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IBM gets flexible with converged Power, x86 system

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PureApplication system platform cloud blocks

IBM sells software, of course, and even though it doesn't make much coin selling Windows or Linux (whatever slice a reseller can get), it does make plenty of dough peddling WebSphere middleware and DB2 database software. And the PureApplication platform cloud systems announced today do just that.

Sibley says that IBM will eventually offer versions of the PureApplication systems based on Power-based nodes running AIX, but for now, the initial four configurations will be based on Xeon E5-2600 nodes running Linux. There is no plan to create PureApplication platform systems based on Windows or IBM at this point.

It seems highly unlikely that IBM's Software Group top brass – this means Steve Mills, its general manager, and who in July 2010 took over Systems and Technology Group as well – is itching to peddle Oracle or Microsoft software on these PureApplication boxes. IBM may be forced into doing it based on customer preferences, but there's no way IBM is going to start there.

These PureApplication machines will be certified to run third party applications right out of the box, and over 125 ISVs are ready to roll with the "patterns" or recipes that are used to deploy their applications on the IBM iron. These patterns are what IBM is talking about when it says the Flex boxes "expert" and "integrated," but I still don't understand it enough to get what Big Blue is talking about.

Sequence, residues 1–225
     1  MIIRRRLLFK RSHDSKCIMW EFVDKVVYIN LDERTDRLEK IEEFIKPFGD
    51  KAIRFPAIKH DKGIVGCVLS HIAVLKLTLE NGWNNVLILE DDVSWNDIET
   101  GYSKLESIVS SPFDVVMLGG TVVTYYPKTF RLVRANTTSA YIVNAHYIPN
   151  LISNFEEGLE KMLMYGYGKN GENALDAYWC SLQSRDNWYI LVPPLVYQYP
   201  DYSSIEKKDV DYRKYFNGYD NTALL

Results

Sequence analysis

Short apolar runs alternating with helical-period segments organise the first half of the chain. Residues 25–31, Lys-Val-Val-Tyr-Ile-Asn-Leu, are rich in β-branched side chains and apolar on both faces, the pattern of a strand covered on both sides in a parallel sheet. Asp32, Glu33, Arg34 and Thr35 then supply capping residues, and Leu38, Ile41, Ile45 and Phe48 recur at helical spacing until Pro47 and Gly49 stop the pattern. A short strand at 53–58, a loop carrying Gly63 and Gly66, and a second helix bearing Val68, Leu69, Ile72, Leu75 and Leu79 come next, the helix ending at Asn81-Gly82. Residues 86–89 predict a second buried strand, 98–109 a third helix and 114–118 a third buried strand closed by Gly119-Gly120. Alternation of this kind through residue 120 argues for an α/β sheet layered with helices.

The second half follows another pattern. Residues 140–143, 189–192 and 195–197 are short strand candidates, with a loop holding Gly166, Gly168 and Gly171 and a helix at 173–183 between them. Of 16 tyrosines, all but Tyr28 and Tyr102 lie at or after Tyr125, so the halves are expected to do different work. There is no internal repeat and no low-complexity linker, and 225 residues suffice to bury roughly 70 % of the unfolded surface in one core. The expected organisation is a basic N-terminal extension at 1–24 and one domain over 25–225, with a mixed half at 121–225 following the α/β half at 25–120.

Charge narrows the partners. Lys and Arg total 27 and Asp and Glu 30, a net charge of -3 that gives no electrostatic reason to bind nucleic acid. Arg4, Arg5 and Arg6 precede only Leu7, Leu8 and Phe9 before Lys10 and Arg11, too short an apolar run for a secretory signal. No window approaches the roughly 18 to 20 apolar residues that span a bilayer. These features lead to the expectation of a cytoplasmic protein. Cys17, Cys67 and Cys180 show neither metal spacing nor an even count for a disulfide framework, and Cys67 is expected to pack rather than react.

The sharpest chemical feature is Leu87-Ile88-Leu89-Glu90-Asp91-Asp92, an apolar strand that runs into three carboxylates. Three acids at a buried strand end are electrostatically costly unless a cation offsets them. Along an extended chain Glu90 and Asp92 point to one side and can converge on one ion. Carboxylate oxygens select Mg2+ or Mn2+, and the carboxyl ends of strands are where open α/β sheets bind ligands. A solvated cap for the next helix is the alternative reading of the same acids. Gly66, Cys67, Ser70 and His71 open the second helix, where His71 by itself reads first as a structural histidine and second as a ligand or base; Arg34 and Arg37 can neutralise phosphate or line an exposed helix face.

Early shipments of the PureApplication machines in mid-May, with general availability expected on July 31. There are four configurations, all orderable with a single product number as shown and all with software entitlement for WebSphere and DB2 across the capacity shown:

  • W1500-96: 96 cores, 1.5TB of main memory, 6.4TB of solid state storage, 48TB of hard disk storage
  • W1500-192: 192 cores, 3.0TB of memory, 6.4TB of SSD, 48TB of disk storage
  • W1500-384: 384 cores, 6.1TB of memory, 6.4TB of SSD, 48TB of disk storage
  • W1500-608: 608 cores, 9.7TB of memory, 6.4TB of SSD, 48TB of hard disk storage

Pricing for the PureApplication platform iron was not announced, and neither was the precise software stack on them at press time. But we'll keep digging. ®

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